Yakima Proposition 3 would slam door shut to city income tax
This November voters in the city of Yakima will consider ballot measure Proposition 3, a charter amendment that would prohibit city officials from imposing a local income tax. The effort comes as state lawmakers this year enacted Washington’s first statewide income tax, on capital gains income, a bill whose constitutionality is being challenged in the courts.
Other cities have already acted to prevent a local income tax. A similar charter amendment was adopted by 72% of Spokane voters in 2019. Officials in Battle Ground, Granger, Kennewick, Moses Lake, Spokane Valley and Union Gap have adopted resolutions opposed to a local income tax.
The full text of Proposition 3 says: “The City Council may not impose an income tax on the residents of the City on wages, salaries, investments, or the sale of goods or services. Nothing in this section shall prohibit the imposition of a tax on real property, or the increase of a tax on real property through a levy lid lift procedure or other lawful procedure.”
Passage of Proposition 3 would prohibit any form of local income tax from being imposed in Yakima without a vote of the people.
Testifying in favor of the Yakima income tax ban, Greater Yakima Chamber of Commerce president Verlynn Best said, “It allows us to have a competitive edge in the future of development and business. If we fail placing this in our charter to serve our citizens, it’s safe to say this council will be telling our community it is open to a local income tax in the future.”
Discussing why she proposed the income tax ban charter amendment, Yakima Mayor Patricia Byers said, “Our businesses are trying to rebuild in the community. To even say that we’re open to having an income tax would be a deterrent to other businesses looking to come into the community.”
In fact, not having an income tax has long been advertised by the State Department of Commerce as being a “competitive advantage” for Washington. State voters have also made it consistently clear they don’t want an income tax by rejected 10 straight ballot measures (including six proposed constitutional amendments).
While some say that local income tax bans are a “red herring” and “waste of time,” they are actually a popular effort to stop the anti-competitive income tax kraken from rising out of the sea. I really wish there wasn’t a concerted political effort to impose an income tax on Washington state and its cities. However, that is not the case.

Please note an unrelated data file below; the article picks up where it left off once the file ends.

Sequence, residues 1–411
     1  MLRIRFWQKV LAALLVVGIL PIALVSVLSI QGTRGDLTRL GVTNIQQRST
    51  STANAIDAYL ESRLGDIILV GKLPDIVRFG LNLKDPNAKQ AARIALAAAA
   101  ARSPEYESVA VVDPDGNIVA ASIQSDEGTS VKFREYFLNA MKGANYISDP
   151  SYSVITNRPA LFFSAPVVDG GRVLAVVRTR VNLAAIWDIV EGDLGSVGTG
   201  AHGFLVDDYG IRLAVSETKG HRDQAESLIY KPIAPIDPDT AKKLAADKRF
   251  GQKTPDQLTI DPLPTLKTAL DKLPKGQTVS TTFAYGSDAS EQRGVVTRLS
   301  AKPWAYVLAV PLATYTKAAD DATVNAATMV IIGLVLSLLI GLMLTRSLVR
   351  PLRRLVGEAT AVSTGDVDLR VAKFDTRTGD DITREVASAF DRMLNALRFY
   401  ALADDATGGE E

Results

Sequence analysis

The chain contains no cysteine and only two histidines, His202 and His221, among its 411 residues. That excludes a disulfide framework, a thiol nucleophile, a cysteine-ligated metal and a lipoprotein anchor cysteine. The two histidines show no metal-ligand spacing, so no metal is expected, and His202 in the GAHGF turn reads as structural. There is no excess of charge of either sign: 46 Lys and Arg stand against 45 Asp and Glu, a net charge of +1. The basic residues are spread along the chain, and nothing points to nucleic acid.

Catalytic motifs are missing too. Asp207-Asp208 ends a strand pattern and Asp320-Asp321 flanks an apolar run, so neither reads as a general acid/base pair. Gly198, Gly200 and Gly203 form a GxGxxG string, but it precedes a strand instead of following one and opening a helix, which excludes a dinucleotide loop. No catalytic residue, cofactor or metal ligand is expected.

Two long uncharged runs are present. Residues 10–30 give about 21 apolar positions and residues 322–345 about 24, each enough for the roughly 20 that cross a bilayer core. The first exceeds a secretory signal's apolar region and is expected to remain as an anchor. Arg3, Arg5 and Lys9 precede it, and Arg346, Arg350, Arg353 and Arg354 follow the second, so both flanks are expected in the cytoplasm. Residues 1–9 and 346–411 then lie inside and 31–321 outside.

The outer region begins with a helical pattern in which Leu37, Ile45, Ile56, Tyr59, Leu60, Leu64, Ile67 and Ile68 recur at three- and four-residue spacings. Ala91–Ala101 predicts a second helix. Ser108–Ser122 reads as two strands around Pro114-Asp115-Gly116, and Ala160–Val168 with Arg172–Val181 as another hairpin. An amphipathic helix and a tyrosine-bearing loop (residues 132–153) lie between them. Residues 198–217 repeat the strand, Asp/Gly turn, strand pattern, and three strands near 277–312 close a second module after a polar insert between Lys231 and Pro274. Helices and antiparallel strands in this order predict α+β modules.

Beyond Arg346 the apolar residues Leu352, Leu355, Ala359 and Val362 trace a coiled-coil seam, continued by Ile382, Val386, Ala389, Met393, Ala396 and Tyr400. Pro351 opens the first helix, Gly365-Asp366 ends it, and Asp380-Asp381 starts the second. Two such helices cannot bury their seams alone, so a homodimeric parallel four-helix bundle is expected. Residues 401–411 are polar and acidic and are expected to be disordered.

The cities across the state acting to ban a local income tax are directly responding to the ongoing effort by some to use the courts to impose an income tax. In response to Seattle’s efforts to impose an income tax in 2017, the Court of Appeals in 2019 struck down (on a technical single subject violation) the 1984 state law that explicitly prohibited local income taxes. When the state Supreme Court let that ruling stand last year it opened the door for every local government in our state to impose a flat 1% income tax.
Earlier this year the legislature also adopted an unconstitutional capital gains income tax (while refusing to stop cities from imposing a local version) with the stated goal of using the courts to open the door to graduated income taxes across the state. The capital gains income tax is currently being challenged in court. The legislature has also funded budget studies to convince Washingtonians to support an income tax, with a taxpayer-funded commission now traveling the state to do the same.
A “No” vote on Proposition 3 would retain the ability of future local officials, under current court rulings, to impose a flat income tax on Yakima residents and businesses.
A “Yes” vote on Proposition 3 would prohibit officials in the city of Yakima from imposing an income tax without a vote of the people. Adoption of the measure would also signal to citizens and businesses that Yakima’s competitive advantage of not having a local income tax will be safeguarded and can be depended upon.
The choice will soon be yours to make.
This op-ed is soon to be published in the Yakima Valley Business Journal.